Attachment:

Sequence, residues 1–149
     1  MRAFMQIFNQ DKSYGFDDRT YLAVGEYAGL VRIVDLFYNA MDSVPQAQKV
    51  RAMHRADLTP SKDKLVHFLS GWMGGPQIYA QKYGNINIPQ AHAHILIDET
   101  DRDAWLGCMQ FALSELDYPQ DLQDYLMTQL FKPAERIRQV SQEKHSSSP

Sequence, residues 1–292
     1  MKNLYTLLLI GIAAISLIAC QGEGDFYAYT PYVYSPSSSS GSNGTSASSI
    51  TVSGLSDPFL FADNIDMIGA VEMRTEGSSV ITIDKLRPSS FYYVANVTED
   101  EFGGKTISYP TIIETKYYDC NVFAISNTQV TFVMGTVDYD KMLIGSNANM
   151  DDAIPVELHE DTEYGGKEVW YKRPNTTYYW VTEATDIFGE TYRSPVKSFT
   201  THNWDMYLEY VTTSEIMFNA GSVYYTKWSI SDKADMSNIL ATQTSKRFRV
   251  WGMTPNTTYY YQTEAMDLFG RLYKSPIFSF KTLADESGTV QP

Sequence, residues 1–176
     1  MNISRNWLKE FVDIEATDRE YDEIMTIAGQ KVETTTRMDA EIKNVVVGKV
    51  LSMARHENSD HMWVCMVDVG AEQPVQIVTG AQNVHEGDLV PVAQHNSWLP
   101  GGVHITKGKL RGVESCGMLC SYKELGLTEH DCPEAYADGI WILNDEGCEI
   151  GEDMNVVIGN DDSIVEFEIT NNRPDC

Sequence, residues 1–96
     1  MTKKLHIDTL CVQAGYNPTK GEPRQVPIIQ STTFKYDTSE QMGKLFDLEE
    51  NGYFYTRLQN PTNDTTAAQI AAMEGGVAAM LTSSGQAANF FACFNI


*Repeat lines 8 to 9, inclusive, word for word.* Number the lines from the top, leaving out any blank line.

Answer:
   101  EFGGKTISYP TIIETKYYDC NVFAISNTQV TFVMGTVDYD KMLIGSNANM
   151  DDAIPVELHE DTEYGGKEVW YKRPNTTYYW VTEATDIFGE TYRSPVKSFT